Let us go briefly back to the original 980 hertz tone. This was created with a peak level of -60dB but with 24 bits of resolution. The highest sample value out of the roughly +/-8 million available was 8,389 (there are another 8+ million below zero, adding up to the 16.7 million total). This value is just slightly higher than can be held by a 14-bit number space, so the original signal had an effective resolution of 14 bits. But after conversion to 16 bits, which involves scaling down each sample by a factor of 256, the highest sample value is a mere 33. This is very slightly better than 5-bit sound. Now lets look at the top portion of the resulting wave:
See how the top three samples of the peak are all on the same line? Well, they can’t be between the lines because there are no valid values there.
That stepped waveform generates heaps of harmonics. When I played back this signal on my headphones, turned up nice and loud, the sine wave was very harsh indeed, with some of the harmonics clearly audible ... and irritating.
Noise to the rescue!
Now virtually all of this distortion is due to small, regular, inaccuracies in the digital values recorded for each specific point. But by randomising these inaccuracies, the distortion can not only be masked, but actually reduced!
This is where ‘dither’ noise comes in. At the last stage in preparing audio for CD, an extremely low level of noise is added to the signal. This noise is typically achieved simply by randomising the least significant bit of each sample: that is, randomly adding either zero or one to this bit. This produces a peak noise level of -90dBFS, and an average noise level of -93dBFS, and the character of the noise is “white” (an equal amount of average energy at all frequencies). You are going to have to be playing your CD very loud indeed in a very quiet room to hear this.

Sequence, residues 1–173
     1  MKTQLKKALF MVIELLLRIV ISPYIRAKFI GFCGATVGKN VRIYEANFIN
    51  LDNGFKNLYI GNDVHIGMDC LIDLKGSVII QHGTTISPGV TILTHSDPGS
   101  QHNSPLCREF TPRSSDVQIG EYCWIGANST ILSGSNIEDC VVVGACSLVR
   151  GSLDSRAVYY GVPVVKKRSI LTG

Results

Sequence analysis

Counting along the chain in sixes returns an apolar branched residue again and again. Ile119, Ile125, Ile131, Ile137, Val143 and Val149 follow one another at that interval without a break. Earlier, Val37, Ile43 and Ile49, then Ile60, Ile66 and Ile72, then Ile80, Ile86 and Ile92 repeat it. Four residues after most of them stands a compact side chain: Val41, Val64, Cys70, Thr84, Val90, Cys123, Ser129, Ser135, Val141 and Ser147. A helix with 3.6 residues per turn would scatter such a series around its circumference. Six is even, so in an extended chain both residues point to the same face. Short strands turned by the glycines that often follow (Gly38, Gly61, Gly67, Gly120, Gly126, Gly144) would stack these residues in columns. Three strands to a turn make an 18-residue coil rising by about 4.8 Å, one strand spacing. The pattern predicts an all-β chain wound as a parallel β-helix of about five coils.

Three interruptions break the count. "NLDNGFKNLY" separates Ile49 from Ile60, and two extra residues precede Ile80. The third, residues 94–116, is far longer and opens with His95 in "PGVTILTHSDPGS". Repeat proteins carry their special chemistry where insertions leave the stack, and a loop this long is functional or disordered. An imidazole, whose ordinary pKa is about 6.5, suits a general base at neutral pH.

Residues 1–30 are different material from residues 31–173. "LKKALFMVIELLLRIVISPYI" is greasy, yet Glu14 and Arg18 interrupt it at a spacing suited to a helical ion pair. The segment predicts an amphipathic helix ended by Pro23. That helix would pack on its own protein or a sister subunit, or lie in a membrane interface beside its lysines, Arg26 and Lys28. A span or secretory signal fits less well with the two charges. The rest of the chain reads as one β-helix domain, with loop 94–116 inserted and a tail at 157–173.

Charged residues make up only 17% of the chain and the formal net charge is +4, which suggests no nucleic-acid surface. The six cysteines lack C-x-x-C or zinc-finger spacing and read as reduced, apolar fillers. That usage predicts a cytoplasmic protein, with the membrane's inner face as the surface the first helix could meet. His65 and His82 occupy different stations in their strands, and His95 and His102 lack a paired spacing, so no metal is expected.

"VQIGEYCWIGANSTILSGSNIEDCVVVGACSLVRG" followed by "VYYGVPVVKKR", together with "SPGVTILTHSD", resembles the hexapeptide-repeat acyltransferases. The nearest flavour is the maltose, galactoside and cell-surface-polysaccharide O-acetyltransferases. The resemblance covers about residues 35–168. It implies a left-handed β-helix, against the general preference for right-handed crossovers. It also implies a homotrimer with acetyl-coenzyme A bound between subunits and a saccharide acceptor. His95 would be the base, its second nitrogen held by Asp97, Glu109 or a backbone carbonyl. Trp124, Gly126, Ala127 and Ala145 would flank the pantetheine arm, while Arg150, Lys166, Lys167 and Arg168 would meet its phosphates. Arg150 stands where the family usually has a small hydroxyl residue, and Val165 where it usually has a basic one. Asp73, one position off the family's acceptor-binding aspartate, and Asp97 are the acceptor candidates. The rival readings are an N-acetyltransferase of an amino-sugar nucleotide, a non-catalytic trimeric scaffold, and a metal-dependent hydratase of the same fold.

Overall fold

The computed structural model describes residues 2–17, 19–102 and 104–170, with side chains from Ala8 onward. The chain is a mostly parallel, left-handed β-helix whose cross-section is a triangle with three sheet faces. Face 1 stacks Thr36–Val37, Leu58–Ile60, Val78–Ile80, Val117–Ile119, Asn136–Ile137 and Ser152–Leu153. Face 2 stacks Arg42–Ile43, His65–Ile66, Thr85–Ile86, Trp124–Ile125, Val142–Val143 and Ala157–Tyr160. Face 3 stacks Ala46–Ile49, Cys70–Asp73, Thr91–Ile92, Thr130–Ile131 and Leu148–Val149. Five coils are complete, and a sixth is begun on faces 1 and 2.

But by randomising this least significant bit, it also removes the regularity from the errors in the actual signal. Remember, at least the same number of (and perhaps even more) errors remain, but they are now random errors instead unfortunately repeating steps along the edge of a sine wave. What this does, in turn, is eliminate the harmonics.
This does not sound very intuitive at all, so let us prove the point. I go back to my original -60dBFS 980 hertz signal with 24 bits of resolution and again reduce it to 16 bits. But this time I add a 1-bit level of dither during the conversion. Here is the frequency spectrum of the result: